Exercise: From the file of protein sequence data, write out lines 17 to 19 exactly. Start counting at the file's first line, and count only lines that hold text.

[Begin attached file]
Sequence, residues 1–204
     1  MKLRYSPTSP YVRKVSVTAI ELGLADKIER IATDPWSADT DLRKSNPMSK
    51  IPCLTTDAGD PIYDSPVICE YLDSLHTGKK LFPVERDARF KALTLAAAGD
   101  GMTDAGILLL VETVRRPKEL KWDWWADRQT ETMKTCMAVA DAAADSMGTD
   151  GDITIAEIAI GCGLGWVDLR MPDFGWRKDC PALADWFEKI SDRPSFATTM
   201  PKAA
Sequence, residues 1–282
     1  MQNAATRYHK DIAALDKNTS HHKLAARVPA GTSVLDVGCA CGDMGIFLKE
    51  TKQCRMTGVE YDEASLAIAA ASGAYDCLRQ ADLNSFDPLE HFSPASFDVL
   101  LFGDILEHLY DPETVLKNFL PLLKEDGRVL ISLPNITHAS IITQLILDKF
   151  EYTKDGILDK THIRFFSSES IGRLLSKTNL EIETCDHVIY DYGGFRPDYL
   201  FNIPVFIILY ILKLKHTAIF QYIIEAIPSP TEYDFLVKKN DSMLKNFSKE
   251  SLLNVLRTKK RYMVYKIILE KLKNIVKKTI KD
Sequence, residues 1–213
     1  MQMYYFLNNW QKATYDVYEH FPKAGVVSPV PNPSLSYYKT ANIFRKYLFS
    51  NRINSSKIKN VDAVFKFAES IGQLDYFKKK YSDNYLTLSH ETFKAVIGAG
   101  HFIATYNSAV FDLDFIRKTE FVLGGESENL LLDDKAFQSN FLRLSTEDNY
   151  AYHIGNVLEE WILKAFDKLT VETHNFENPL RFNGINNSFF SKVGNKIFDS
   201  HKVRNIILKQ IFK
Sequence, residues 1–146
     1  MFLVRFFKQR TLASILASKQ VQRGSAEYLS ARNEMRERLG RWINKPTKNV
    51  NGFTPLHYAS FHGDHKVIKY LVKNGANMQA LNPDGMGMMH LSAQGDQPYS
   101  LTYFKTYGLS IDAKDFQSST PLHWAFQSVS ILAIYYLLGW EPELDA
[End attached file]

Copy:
   101  HFIATYNSAV FDLDFIRKTE FVLGGESENL LLDDKAFQSN FLRLSTEDNY
   151  AYHIGNVLEE WILKAFDKLT VETHNFENPL RFNGINNSFF SKVGNKIFDS
   201  HKVRNIILKQ IFK